Non-Bank Mortgage Lenders: Preparing for New AML Rules

Non-Bank Mortgage Lenders: Preparing for New AML Rules

Introduction

On February 7, 2012, the Financial Crimes Enforcement Network (FinCEN) released a final rule requiring non-bank residential mortgage lenders and originators to establish a written anti-money laundering (AML) program and file suspicious activity reports (SARs) on suspicious or potentially illegal activities.

Under the Bank Secrecy Act (BSA), loan and finance companies are included in the definition of “financial institutions” that are covered by the Act. These companies have been temporarily exempted from coverage while FinCEN studied the extent to which AML requirements should be applied to them. This final rule applies specifically to a subset of loan and finance companies – the non-bank residential mortgage lenders and originators, referred to in the final rule as “RMLOs.” In its release, FinCEN does note that this is the beginning of an incremental expansion of AML program requirements to the broader universe of loan and finance companies.

FinCEN’s final rule acknowledges the current regulatory gap for RMLOs that could be exploited, particularly for mortgage fraud, and it also recognizes the value to law enforcement and regulators of receiving additional SARs related to mortgage fraud.

Issue

While there is a six-month phase-in period for compliance with these new BSA requirements, the issue for RMLOs is how to design and implement an effective and fully compliant AML program that is risk-based and meets FinCEN’s expectations. FinCEN states clearly that it expects mortgage fraud prevention, as well as money laundering prevention, to be the key goals of RMLO AML programs.

Challenges and Opportunities

The challenge for RMLOs is to create and put into effect a written AML program that covers the four required “pillars”:

  1. Policies, procedures and internal controls that address BSA requirements, integrate agents and brokers into the AML program, and require obtaining necessary customer information
  2. A designated compliance officer to oversee the program, its updates and training requirements
  3. Ongoing training of appropriate persons
  4. Independent testing by a third party or officer or employee of the company

The program must be approved by senior management and there is no exemption for small RMLOs

​The AML program must also address the monitoring, identification and filing of SARs for suspicious or potentially illegal activities, the primary focus of which will be mortgage fraud.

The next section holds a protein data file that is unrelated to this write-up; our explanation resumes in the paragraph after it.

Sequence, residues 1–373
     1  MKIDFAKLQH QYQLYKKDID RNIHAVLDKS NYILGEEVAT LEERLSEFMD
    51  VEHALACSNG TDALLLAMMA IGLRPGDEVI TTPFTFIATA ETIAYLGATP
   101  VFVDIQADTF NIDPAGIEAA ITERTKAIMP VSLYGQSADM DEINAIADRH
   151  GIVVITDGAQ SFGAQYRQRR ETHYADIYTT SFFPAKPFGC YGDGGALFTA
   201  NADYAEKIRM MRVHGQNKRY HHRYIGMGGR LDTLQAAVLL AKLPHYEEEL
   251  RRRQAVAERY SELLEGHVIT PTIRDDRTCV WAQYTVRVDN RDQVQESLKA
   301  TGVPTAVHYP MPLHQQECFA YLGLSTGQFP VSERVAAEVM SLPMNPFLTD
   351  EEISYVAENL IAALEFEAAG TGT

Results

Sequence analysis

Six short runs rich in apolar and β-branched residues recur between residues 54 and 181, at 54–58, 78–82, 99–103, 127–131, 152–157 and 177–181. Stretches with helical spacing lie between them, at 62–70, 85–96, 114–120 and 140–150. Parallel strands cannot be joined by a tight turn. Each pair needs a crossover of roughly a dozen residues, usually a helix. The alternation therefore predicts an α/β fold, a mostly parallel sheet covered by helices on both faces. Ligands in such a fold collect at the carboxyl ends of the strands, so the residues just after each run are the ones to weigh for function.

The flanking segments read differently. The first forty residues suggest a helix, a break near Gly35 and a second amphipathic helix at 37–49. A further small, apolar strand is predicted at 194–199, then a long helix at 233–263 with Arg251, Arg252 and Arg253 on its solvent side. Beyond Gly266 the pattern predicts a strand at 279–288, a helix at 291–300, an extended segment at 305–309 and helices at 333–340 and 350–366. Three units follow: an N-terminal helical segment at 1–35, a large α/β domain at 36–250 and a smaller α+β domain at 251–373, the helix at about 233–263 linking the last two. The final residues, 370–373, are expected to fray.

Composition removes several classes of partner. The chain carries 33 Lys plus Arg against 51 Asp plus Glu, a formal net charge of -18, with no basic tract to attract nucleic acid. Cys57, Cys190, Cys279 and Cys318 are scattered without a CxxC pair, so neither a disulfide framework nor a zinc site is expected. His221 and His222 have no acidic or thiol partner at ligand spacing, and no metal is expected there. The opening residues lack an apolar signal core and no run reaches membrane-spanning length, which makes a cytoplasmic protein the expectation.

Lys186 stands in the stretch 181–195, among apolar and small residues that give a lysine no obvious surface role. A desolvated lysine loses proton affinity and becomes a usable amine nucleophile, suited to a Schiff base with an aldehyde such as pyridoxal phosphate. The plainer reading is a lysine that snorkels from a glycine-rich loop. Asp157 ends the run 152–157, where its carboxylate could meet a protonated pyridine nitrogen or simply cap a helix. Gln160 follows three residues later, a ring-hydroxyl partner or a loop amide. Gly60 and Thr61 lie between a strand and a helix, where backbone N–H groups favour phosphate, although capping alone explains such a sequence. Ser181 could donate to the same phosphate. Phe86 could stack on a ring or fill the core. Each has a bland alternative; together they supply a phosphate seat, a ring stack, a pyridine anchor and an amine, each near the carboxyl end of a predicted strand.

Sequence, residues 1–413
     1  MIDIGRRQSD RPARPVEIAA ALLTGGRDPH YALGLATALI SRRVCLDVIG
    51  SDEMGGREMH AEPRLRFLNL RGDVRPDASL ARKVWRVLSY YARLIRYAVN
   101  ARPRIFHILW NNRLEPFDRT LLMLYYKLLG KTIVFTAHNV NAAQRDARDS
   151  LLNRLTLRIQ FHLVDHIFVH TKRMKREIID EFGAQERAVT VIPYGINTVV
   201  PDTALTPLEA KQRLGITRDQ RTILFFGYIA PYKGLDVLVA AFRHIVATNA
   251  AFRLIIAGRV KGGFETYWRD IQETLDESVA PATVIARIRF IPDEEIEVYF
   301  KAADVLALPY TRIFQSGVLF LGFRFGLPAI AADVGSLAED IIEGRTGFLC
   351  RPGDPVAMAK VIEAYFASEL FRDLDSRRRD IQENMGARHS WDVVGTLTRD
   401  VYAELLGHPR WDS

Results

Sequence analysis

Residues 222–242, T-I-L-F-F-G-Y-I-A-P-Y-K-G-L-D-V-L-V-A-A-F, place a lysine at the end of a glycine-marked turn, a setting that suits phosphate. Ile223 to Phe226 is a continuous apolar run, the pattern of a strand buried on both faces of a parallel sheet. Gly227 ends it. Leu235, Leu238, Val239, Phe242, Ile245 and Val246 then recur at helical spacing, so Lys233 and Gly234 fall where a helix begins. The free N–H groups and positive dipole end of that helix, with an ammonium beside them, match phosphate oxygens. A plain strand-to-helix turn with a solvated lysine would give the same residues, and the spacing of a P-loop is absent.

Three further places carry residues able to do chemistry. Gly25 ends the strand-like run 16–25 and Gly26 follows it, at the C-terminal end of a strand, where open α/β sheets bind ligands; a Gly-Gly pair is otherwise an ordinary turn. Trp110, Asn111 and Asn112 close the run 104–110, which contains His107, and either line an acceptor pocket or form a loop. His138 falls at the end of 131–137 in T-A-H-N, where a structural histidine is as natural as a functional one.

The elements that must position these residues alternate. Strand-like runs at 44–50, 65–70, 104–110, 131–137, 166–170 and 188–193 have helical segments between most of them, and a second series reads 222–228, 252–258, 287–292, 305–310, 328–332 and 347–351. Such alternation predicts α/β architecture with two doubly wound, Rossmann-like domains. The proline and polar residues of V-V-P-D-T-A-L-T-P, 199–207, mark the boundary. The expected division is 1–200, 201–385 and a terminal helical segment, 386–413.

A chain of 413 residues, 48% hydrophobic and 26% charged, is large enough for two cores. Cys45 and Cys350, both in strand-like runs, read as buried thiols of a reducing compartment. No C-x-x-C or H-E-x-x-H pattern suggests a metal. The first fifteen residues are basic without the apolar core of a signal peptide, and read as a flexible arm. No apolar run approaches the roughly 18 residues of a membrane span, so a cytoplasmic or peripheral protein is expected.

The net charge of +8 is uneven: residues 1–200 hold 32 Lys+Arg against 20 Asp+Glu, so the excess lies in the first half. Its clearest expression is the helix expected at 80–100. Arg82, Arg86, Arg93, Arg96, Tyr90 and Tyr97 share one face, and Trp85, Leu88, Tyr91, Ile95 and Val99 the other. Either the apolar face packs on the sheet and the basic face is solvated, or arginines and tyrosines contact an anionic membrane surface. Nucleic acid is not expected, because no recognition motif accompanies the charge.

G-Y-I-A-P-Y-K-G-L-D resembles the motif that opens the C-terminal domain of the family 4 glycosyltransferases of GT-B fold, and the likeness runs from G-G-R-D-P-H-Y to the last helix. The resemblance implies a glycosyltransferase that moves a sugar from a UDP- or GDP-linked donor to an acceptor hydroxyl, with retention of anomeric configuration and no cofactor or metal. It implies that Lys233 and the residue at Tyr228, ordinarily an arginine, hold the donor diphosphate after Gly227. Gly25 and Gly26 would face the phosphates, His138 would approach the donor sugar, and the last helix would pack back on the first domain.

Other challenges include accurately assessing money laundering risks in order to create a risk-based AML program, identifying the technology possibly needed to support the program and, for large RMLOs, possibly finding experienced personnel for program management.

The opportunities lie in improved capabilities for an RMLO to detect and prevent fraud and actively manage reputational risks. Taking advantage of FinCEN’s position that the AML program should be risk-based also provides the opportunity to leverage existing policies and procedures and make the compliance burden more manageable.

Our Point of View

Implementing an effective AML program requires careful planning and clear communication. It is critical that all staff members understand that a working AML program is not just the job of the compliance officer or department – everybody in the institution has an important role to play.

Other key considerations for building and executing a good AML program include:

  • Members of senior management must “walk the walk” by actively demonstrating support for the AML program through their actions.
  • Risks should be evaluated objectively and honestly, and this assessment should form the basis of the program’s design
  • Red flags from FinCEN’s Mortgage Loan Fraud Updates are a great starting point for suspicious activity monitoring and training
  • Training and communication must be coordinated from the start, and it is better to err on the side of too much rather than too little at the beginning.
  • All staff members must clearly understand their obligation to report internally any activity or transactions that are unusual or potentially suspicious.
  • Written guidance must be developed that is targeted to the lender’s products and operations
  • Complete and thorough documentation should be maintained.

RMLOs relying on bank financing for their operations should expect that their banking partners will inquire about their AML programs, possibly asking for copies of the written program or evidence of independent testing and evaluation.

How We Help Companies Succeed

Protiviti has a dedicated team of AML and compliance professionals who understand both the AML rules and the mortgage loan origination business. We help financial institutions of all types with AML and mortgage origination risk assessments, AML program design, fraud program design, suspicious activity monitoring process development, independent testing, and enforcement action remediation.

Example

For a large non-bank financial institution, we conducted an extensive look-back of originated mortgage loans to identify indications of mortgage fraud or money laundering. Our review included all documentation used in the underwriting process and covered red flags and indicators of fraud and money laundering. Potentially suspicious activity was escalated to the client for final investigation and SAR filing, as appropriate. Through this engagement, we assisted the client in creating an AML/fraud checklist for use in the origination process and strengthening AML program components for fraud identification and investigation.

Contacts

Carol Beaumier
 
​ +1.212.603.8337
 
Michael Brauneis
 
+1.312.476.6327
 
John Atkinson
 
+1.404.926.4347
 

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